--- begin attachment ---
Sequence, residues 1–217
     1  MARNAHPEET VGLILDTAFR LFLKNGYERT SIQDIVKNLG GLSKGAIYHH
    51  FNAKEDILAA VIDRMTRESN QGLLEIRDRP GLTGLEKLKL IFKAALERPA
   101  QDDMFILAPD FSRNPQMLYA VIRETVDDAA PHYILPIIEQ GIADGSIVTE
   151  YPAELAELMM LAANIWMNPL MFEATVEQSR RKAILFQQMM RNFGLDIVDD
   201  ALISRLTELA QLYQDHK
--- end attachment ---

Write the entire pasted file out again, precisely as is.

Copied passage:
Sequence, residues 1–217
     1  MARNAHPEET VGLILDTAFR LFLKNGYERT SIQDIVKNLG GLSKGAIYHH
    51  FNAKEDILAA VIDRMTRESN QGLLEIRDRP GLTGLEKLKL IFKAALERPA
   101  QDDMFILAPD FSRNPQMLYA VIRETVDDAA PHYILPIIEQ GIADGSIVTE
   151  YPAELAELMM LAANIWMNPL MFEATVEQSR RKAILFQQMM RNFGLDIVDD
   201  ALISRLTELA QLYQDHK